Daniel M. Jarvie1, Brenda L. Claxton2, Floyd "Bo" Henk3, John T. Breyer4
(1) Humble Geochemical Services, Humble, TX
(2) Claxton Consulting, Houston, TX
(3) Pachiron Group Consultants, McKinney, Texas, McKinney, TX
(4) Texas Christian University, Ft. Worth, TX
ABSTRACT: Oil and Shale Gas from the Barnett Shale, Ft. Worth Basin, Texas
The widely deposited Devonian-Mississippian shale source rocks have been used as models for hydrocarbon generation by geologists and geochemists for many years, yet these systems are not well understood. The Barnett Shale of the Ft. Worth Basin is similar to the Bakken, Woodford, and Antrim shales and is readily identified as a Type II, marine shale based on its high petroleum potential (ca. 350-1400 BO/AF at low maturity).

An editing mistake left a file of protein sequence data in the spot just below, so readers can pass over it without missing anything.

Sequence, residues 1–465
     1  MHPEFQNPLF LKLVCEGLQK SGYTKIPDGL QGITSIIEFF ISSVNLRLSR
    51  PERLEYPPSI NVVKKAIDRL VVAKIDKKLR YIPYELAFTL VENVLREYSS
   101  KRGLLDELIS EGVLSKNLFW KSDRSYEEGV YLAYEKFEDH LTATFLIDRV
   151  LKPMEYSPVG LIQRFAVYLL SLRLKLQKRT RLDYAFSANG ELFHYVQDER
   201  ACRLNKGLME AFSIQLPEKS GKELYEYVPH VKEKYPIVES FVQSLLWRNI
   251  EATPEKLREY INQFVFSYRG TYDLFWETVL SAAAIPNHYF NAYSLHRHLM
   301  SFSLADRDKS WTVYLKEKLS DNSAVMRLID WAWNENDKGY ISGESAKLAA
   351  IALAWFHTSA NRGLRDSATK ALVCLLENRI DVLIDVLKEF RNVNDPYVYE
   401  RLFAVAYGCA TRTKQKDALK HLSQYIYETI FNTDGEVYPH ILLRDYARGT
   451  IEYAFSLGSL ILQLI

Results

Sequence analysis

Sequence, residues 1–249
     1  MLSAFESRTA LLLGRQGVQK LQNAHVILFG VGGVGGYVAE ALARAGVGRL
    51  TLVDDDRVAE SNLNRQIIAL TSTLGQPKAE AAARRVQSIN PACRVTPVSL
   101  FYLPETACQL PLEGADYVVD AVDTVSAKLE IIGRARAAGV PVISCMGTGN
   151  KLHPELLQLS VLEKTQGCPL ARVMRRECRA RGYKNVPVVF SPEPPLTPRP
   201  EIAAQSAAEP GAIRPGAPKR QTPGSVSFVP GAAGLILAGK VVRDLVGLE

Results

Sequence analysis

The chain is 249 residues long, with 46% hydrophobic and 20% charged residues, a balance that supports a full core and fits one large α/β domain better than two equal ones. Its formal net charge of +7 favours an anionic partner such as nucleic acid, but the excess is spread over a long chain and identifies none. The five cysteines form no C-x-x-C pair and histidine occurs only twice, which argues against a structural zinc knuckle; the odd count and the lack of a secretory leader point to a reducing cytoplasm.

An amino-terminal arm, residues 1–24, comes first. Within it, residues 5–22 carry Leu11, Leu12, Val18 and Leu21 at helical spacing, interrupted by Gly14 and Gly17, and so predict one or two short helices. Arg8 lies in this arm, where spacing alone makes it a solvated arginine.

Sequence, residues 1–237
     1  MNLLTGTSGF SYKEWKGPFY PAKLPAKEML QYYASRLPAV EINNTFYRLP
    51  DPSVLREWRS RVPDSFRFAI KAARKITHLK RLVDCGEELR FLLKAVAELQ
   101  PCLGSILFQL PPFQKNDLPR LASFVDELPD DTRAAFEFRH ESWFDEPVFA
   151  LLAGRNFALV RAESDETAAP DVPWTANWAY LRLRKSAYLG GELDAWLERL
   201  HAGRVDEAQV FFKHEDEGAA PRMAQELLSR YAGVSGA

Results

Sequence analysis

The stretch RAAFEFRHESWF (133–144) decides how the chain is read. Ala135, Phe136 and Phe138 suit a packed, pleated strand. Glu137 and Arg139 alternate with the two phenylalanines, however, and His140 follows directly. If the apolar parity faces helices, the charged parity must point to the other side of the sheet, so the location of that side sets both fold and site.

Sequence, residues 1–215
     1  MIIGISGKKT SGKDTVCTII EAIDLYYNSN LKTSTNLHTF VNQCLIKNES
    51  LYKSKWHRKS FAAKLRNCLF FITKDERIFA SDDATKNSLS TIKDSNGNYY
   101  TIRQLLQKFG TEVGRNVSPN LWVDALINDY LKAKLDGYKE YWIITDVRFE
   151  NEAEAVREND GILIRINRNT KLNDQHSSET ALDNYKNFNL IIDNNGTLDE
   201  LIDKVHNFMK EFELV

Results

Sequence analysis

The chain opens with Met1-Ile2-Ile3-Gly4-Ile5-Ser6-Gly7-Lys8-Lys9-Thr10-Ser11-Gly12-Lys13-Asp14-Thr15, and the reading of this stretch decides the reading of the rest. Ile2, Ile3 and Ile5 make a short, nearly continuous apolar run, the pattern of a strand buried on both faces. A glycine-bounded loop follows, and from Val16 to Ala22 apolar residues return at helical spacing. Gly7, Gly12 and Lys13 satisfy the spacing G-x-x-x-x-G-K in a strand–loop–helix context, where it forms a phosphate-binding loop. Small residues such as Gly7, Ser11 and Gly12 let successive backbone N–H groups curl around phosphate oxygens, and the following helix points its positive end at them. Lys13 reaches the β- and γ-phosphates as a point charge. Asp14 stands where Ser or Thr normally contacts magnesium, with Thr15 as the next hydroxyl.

Barnett-sourced oil is found in the far western and northern portions of the Ft. Worth Basin in Barnett and other horizons. Gas is derived from both primary cracking of kerogen and oil cracking. Gas production is centered in Wise County, but geochemical mapping suggest opportunities are present across the basin. Production data reveals existing fairways for oil and gas exploration, but detailed compositional yields from kinetic models provide data for high-grading the best prospective sites based on organic facies and maturity mapping.
Retention of hydrocarbons in the Barnett Shale is enhanced by its high carbon content and lithofacies. Fracturing is a key to successful wells and it is assessed to be dependent on several factors including lithofacies, hydrocarbon generation (maturity), and tectonics. Fracture systems can high-graded by a prediction of the best zones from geochemical data including TOC, residual hydrocarbon yields, maturation, and fingerprints completed directly on cuttings or core samples.
AAPG Search and Discovery Article #90906©2001 AAPG Annual Convention, Denver, Colorado